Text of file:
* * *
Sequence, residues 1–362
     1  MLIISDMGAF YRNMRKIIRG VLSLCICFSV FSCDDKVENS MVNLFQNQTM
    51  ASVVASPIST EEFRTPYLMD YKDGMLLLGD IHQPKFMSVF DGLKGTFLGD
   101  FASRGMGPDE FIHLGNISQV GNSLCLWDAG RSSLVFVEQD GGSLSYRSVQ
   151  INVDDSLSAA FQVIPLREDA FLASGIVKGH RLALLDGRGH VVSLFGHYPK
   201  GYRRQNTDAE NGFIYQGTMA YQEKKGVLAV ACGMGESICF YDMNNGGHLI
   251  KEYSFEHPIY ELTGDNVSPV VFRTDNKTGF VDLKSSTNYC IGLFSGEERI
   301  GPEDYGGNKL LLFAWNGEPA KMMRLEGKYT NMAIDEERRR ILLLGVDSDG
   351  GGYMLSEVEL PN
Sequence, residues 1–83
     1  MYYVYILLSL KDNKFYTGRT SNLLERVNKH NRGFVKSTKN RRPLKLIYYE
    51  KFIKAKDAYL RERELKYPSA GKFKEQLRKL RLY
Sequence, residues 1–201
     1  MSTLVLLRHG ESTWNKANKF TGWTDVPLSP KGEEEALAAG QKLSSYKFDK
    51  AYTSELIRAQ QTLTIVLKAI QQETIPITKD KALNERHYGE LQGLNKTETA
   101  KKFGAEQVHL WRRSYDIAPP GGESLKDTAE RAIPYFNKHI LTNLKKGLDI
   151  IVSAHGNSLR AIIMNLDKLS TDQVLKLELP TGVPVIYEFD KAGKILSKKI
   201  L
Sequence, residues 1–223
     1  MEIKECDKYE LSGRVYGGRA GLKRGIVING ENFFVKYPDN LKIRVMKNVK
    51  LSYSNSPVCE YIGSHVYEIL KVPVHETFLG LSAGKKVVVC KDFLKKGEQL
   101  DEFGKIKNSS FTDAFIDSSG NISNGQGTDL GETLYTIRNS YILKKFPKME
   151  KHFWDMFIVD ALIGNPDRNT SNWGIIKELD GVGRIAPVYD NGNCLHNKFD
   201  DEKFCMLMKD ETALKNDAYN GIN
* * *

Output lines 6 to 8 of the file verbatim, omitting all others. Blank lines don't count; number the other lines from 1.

   201  GYRRQNTDAE NGFIYQGTMA YQEKKGVLAV ACGMGESICF YDMNNGGHLI
   251  KEYSFEHPIY ELTGDNVSPV VFRTDNKTGF VDLKSSTNYC IGLFSGEERI
   301  GPEDYGGNKL LLFAWNGEPA KMMRLEGKYT NMAIDEERRR ILLLGVDSDG